Every crime has a storyline that no one fully understands besides the perpetrator. Everybody else can only piece together the different cues left behind to make a sensible story. As such, scene photos are critical to the criminal justice system. Photos in this sense provide important information such as lighting, angles, and distance. Pictures from the genesis of solving the crime puzzle. This paper will describe the crime scene and the responsibility of the investigator, missing items, and an explanation of photography, as well as, the steps taken in taking the photos and evidence collected at the crime scene.
The Crime Scene and the Responsibility of the Investigator
On January 26, 2019, a call came in at 13.04 asking for backup at a crime scene at 4213 Avenue, California. The caller passed information to the effect that there was a burglary in their house. The suspect took off a few minutes before the caller came in. Some evidence, including DNA, was left at the scene. At 14.00, the crime investigator arrived at the scene, which had been cordoned off by law enforcers to ensure that evidence is not tampered with.
The analysis of a crime scene is a process that is considerably long, and within it are different important steps. Crime scene investigators work with people from different backgrounds including forensic photographers to ensure that the crime scene is documented and mapped before it is collected for analysis. During the process of evidence collection, there are various protocols that are followed to ensure that the integrity of the evidence is preserved. Investigating technicians will document, collect, tag, and seal all items of importance at the crime scene to preserve the evidence.
Missing Items and Photography
The suspect was able to access the house by use of a loosely locked door. He first pushed the main door open to access the house via the living room. Inside the house, the suspect accessed the living room, the kitchen, and one bedroom through the rear window. In the living room, various electronics were taken including a laptop and a HiFi System. At the kitchen, some electronics were taken and their accompanying cables left on the raised table. The bedroom was ransacked and jewelry was taken with the jewelry box left on top of the bed. Further, the bedside cabinet was ransacked together with the bedroom drawer. Other things that were taken include small wards of cash that the suspect had left in the drawer. It seems like the suspect hurt himself during the process since the doorknob had blood stains (Source of DNA). Photographs of all these issues were taken to ensure that the image of the crime is captured in its original and unaltered state as expressed by Young and Ortmeier (2011).
The following procedures were followed. There was the receipt of information and the crime investigators had their initial response. Then, there was the conduction of Officer Safety procedure, which was followed by securing and controlling the scene within the shortest time possible. The last step before collecting evidence was securing the boundaries of the crime scene. All this time, it was necessary to exercise extreme caution to ensure that there is no unintended destruction or contamination of evidence, as well as, ensure that the suspect is not in the crime scene.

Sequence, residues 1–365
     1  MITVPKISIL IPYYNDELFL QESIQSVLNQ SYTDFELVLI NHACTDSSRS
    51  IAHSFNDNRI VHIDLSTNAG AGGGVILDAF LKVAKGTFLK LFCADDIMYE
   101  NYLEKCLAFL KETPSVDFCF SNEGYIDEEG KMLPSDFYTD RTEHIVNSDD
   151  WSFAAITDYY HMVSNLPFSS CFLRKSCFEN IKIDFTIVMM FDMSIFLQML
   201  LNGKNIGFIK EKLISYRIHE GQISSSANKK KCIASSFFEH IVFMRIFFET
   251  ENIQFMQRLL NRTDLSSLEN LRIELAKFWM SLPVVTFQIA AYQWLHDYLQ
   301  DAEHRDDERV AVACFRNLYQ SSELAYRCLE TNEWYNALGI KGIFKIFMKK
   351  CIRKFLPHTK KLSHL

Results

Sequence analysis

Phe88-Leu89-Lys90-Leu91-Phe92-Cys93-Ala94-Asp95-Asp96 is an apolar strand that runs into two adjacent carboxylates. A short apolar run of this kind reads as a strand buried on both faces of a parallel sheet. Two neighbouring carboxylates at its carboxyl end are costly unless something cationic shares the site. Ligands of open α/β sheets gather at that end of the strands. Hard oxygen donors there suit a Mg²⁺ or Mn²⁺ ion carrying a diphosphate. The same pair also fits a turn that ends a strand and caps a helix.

Photos are a good source of evidence, as well as, the source of pointers in ensuring that more information about the crime is availed. As can be seen in the accompanying PowerPoint presentation, the living room windows, doors, were captured, the disorganization in the living room and in the bedroom. The suspect’s blood must be the one on the bedroom doorknob.
Falcone (2010) explained that evidence is information or objects, or even the recounting of events by a suspect and witnesses. Such items and information must be of probative value. The evidence collected must be admissible in court. DNA from the doorknob will be instrumental in identifying the suspect for the avoidance of doubt. The photos taken will be a good indicator of the kind of items the suspect might have taken off with.
A crime scene is an important area in the pursuit of justice for the aggrieved. As such, the collection of information at the right scale and manner is necessary for ensuring that suspects are pinned down legally while their victims get justice. The scene should not be released unless the investigators feel that they have collected sufficient information, as well as, having documented the entire work. In this case, the investigator was able to photograph the house in important areas (the living room windows, doors, were captured, the disorganization in the living room, kitchen, and in the bedroom) that the suspect left signs of activity and also left evidence. The stolen items’ positions and the disorderliness created by the burglary case left important evidence that needed to be documented using photos.
Falcone, D. (2010). Prentice Hall’s Dictionary of American Criminal Justice, Criminology, and Criminal Law. Columbus, OH Young, T., & Ortmeier, P. J. (2011). Crime Scene Investigation: The Forensic Technician’s Field Manual. Pearson Education, Upper Saddle River, NJ
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